Lincoln badminton coach who abused 13 young boys jailed for 20 years

A former Lincoln badminton coach was sentenced today, February 12, to 20 years in prison after carrying out “heinous” sexual assaults on boys over a period of 18 years.

Lincoln Crown Court was told that Timothy Mawer targeted teenagers he met while exercising in schools and youth clubs.

Mawer met other victims through his employment as a youth worker and through a shared interest in trainspotting.

He committed more than 60 attacks on 13 different boys. His victims told the court how their lives had been shattered.

Some later considered making attempts on their own lives, while others suffered from significant mental health problems for years. Some of the victims turned to drugs or alcohol and ended up with criminal records.

One described Mawer in a victim statement as a “master manipulator”. The man said: “He became friends with me and my family. He portrayed himself as a near-perfect character.”

Timothy Mawer, 52, formerly of Long Beach, Long Beach Road, Haventhorpe Park Holiday Centre, Cleethorpes, admitted to a total of 27 charges of indecent assault on a male between 1985 and 2003. He was sentenced to a total of 20 years in prison.

Mawer received an indefinite sexual harm prevention order and a lifetime ban from working with children and vulnerable individuals. He was also placed on the sex offender registry for life.

Judge Simon Hirst told him at the verdict: “You were a well-known, successful coach. Over a period of 18 years, you abused this position and your ostentatious lifestyle to sexually abuse 13 children between the ages of 13 and 15.

“It is evident that all of the complainants, in their different ways, were deeply affected by your abuse. They did real and permanent damage to every single one of them.

“You harmed each of them for no other reason than to obtain sexual gratification for yourself. A notable aspect of what you did was the humiliation of some of these boys.

“You won them over with kindness, obvious generosity and flashy cars. They have persistently and systematically abused boys over a period of nearly two decades.”

Sam Skinner, prosecutor, told the court: “The defendant’s offense was systematic, persistent, planned and gradually increasing in severity and degradation.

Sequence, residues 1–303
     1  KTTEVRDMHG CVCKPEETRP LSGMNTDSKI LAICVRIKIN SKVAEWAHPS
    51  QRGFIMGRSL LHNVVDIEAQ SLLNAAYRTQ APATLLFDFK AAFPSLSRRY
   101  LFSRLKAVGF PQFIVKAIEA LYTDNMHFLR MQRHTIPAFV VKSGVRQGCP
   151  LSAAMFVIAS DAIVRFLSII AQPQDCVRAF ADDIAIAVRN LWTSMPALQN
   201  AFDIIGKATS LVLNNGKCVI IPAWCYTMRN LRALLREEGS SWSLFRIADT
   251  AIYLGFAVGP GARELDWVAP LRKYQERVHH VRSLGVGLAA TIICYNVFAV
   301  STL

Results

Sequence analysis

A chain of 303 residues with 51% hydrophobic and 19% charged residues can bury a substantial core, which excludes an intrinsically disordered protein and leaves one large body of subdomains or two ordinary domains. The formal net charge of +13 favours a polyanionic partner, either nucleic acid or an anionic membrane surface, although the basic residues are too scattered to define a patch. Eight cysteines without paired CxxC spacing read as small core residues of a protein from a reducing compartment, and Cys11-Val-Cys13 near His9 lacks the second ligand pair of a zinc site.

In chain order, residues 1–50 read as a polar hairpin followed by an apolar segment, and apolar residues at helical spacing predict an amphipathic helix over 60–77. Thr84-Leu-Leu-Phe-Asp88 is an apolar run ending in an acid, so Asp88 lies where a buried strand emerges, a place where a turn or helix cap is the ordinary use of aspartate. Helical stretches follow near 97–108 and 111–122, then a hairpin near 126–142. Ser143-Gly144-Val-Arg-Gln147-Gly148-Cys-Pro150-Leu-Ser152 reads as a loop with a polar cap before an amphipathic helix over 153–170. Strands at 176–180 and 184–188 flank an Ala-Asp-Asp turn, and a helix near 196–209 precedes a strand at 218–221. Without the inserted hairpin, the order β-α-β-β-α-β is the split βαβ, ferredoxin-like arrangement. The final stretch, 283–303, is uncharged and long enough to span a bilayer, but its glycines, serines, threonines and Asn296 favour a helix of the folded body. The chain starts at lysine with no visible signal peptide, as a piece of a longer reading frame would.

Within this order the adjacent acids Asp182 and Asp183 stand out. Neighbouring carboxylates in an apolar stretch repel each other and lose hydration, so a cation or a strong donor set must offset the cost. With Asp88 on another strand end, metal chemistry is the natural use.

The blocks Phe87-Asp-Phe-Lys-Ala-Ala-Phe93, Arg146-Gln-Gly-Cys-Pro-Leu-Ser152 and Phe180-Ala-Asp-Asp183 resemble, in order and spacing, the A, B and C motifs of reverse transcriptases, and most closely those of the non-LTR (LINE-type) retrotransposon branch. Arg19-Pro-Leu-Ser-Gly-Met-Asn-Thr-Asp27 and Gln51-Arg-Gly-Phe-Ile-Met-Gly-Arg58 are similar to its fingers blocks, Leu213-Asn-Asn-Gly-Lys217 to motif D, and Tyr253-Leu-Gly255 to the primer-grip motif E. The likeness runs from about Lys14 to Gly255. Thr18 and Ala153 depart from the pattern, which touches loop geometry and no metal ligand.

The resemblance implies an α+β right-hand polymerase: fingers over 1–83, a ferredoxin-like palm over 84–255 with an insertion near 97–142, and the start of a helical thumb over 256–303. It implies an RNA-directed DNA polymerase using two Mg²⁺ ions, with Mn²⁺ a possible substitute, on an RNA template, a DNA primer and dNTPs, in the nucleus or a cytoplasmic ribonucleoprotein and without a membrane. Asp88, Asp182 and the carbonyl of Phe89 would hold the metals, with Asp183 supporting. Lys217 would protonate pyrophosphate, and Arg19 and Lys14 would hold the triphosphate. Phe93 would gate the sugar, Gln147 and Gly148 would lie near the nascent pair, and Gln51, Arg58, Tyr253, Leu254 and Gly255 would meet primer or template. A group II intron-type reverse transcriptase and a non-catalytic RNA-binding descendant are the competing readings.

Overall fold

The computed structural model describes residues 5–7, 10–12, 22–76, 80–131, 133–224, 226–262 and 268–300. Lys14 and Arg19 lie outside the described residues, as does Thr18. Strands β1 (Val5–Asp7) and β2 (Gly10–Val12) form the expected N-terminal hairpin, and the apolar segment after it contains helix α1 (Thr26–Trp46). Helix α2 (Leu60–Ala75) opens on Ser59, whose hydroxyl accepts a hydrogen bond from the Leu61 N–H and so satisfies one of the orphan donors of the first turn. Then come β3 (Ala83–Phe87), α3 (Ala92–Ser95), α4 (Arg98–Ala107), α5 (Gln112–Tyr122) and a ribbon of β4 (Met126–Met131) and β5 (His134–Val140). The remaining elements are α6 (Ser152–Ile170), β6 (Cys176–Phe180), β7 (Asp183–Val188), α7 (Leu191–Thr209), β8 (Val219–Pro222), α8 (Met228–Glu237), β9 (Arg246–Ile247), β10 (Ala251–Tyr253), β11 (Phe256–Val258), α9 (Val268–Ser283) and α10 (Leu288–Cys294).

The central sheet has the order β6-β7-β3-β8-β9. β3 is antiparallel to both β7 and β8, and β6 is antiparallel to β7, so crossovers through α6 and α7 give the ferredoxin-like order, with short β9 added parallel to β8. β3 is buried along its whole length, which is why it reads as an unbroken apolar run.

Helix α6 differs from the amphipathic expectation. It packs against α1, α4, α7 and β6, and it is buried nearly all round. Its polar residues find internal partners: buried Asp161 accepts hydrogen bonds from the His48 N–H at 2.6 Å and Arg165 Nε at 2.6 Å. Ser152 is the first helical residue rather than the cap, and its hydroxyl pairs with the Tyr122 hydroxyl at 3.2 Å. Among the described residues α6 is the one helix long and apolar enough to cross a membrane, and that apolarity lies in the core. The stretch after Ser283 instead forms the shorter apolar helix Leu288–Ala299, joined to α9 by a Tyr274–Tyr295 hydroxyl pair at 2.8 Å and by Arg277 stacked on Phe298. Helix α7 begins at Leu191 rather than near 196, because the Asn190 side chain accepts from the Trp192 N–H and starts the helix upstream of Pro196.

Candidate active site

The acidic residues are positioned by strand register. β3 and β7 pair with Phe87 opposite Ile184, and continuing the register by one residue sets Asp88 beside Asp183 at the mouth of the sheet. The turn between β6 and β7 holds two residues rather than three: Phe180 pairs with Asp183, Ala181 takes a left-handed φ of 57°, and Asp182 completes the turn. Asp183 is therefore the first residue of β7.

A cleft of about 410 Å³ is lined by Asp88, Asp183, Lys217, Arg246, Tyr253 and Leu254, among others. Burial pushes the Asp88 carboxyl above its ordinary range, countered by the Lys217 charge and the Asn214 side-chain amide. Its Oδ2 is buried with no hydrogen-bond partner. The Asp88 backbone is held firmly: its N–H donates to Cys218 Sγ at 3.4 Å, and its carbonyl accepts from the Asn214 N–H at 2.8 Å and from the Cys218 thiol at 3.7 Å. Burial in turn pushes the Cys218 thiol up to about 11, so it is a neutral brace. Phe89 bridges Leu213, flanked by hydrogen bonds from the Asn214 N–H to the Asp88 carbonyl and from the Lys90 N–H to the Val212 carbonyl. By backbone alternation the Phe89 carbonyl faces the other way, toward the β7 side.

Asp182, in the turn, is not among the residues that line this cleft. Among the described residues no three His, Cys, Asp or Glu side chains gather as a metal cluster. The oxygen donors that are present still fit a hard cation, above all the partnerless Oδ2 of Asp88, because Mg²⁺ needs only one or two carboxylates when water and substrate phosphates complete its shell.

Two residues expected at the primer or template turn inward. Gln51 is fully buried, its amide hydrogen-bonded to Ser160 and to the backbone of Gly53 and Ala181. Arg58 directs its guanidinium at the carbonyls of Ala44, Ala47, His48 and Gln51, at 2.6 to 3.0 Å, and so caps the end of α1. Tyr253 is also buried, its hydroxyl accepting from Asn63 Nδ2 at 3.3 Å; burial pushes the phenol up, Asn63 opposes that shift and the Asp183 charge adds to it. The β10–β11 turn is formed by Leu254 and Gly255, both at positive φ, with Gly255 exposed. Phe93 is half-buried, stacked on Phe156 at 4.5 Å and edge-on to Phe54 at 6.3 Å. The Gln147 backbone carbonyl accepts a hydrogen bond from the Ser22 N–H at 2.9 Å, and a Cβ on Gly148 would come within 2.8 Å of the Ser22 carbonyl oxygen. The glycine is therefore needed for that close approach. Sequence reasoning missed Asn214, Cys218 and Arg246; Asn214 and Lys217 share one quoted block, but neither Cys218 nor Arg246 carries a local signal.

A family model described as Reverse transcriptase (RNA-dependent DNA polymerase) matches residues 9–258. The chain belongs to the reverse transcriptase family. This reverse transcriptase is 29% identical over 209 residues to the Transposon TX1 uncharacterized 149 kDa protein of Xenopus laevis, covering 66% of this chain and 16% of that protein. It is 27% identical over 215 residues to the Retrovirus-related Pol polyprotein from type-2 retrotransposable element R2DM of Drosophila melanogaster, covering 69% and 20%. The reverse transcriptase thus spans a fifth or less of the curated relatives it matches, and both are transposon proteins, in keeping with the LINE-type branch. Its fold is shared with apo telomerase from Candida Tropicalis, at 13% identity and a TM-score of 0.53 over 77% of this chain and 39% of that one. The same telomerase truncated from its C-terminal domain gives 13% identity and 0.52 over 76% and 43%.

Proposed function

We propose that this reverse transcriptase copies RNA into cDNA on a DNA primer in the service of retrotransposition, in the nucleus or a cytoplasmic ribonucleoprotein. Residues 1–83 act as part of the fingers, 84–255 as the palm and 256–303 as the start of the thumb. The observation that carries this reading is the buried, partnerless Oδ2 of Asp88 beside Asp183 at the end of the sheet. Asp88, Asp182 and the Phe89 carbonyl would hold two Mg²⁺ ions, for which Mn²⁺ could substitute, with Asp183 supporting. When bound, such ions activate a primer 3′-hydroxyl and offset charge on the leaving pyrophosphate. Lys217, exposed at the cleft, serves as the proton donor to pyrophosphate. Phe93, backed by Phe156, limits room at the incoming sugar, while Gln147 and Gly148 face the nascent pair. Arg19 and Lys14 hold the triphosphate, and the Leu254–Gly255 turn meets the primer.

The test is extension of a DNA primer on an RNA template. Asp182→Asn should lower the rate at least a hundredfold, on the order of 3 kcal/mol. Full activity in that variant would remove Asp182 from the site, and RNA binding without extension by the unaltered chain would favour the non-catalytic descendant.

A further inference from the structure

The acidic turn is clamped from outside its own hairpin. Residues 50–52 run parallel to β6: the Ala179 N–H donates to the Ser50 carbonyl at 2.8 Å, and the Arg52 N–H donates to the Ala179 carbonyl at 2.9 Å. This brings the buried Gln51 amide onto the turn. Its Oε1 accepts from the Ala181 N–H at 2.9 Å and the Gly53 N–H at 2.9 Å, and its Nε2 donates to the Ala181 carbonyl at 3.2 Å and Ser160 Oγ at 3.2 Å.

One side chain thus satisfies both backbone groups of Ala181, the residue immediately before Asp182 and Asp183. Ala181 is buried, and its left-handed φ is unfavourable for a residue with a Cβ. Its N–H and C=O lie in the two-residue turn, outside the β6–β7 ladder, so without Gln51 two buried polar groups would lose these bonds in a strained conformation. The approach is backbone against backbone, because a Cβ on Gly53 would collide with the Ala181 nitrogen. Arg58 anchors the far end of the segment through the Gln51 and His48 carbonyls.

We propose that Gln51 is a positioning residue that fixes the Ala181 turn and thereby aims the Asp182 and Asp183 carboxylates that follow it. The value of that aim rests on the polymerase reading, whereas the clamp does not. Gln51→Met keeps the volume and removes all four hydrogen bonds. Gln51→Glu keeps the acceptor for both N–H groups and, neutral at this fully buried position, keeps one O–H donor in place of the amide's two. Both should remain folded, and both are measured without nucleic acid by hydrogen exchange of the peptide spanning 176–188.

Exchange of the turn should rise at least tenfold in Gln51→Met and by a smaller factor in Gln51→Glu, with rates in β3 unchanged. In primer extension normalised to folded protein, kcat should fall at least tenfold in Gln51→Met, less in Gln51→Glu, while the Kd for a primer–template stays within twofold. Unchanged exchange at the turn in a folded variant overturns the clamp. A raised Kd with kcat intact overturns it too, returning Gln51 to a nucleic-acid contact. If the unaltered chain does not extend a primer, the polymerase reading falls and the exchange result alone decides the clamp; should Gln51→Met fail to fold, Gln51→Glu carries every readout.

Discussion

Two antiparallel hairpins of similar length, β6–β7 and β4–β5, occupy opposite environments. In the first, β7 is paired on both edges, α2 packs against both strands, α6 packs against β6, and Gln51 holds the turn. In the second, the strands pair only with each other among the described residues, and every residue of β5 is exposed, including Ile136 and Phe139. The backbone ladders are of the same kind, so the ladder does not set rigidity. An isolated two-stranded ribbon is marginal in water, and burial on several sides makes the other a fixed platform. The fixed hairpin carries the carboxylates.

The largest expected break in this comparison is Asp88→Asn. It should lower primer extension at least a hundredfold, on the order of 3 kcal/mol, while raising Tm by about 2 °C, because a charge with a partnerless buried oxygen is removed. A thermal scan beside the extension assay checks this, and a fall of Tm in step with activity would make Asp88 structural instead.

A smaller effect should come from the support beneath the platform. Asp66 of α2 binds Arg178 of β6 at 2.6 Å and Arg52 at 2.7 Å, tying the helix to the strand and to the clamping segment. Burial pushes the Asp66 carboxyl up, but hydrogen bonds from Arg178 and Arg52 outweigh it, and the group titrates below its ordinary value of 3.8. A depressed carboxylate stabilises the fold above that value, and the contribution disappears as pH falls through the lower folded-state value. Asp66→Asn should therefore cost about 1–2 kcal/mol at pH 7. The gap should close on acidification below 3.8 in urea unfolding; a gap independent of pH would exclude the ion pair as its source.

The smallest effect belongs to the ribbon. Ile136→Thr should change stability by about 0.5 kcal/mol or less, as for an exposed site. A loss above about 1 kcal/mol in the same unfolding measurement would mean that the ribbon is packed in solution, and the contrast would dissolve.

“This was an insult campaign that corrupted the lives of more than a dozen boys. Some of the acts he committed were unusually heinous.

“There are 62 incidents in total. The duration of the offense is approximately 18 years. It started in 1985-1986 and ended in April 2003. Some were as young as 13 years old. The rest were about 14 years old when this defendant violated them.

“This defendant worked as a freelance sports trainer and taught badminton. He taught adults and children. When he worked with children, he held a position of trust. He was a successful coach who was well known at home and abroad.

“He trained in schools and youth clubs. He made friends with many boys between the ages of 12 and 16. He also frequented the Lincoln train station, where he befriended boys doing trainspotting.

“He chose those he could influence and nurture. Depending on the boy, this care lasted weeks and months. He gave these guys his time, attention and money. They were impressed by his fast cars and his clothes.”

Mr Skinner said that Mawer singled out victims and pretended to be her friend. He nursed her and invited her to his home. There they were persuaded to play cards with Mawer, who then instituted pawns on the loser, leading to sexual acts.

A police investigation began in January 2016 after one of the victims filed a complaint and the subsequent investigation led to other victims being located.

The court was told Mawer was originally due to be sentenced in November 2019, but based on media reports, six more victims came forward, leading to additional charges against the defendant. He was due to appear before a jury over the rest of the matter earlier this week, but changed his pleas.

Michael Cranmer-Brown, for Mawer, said he used to be of good character and was remorseful and ashamed of what he did.

He said: “This insult started when he was young himself. The last offense was 18 years ago.

“During this period, Mr. Mawer was a badminton coach of considerable repute and success. He has taught many thousands of students at home and abroad.”

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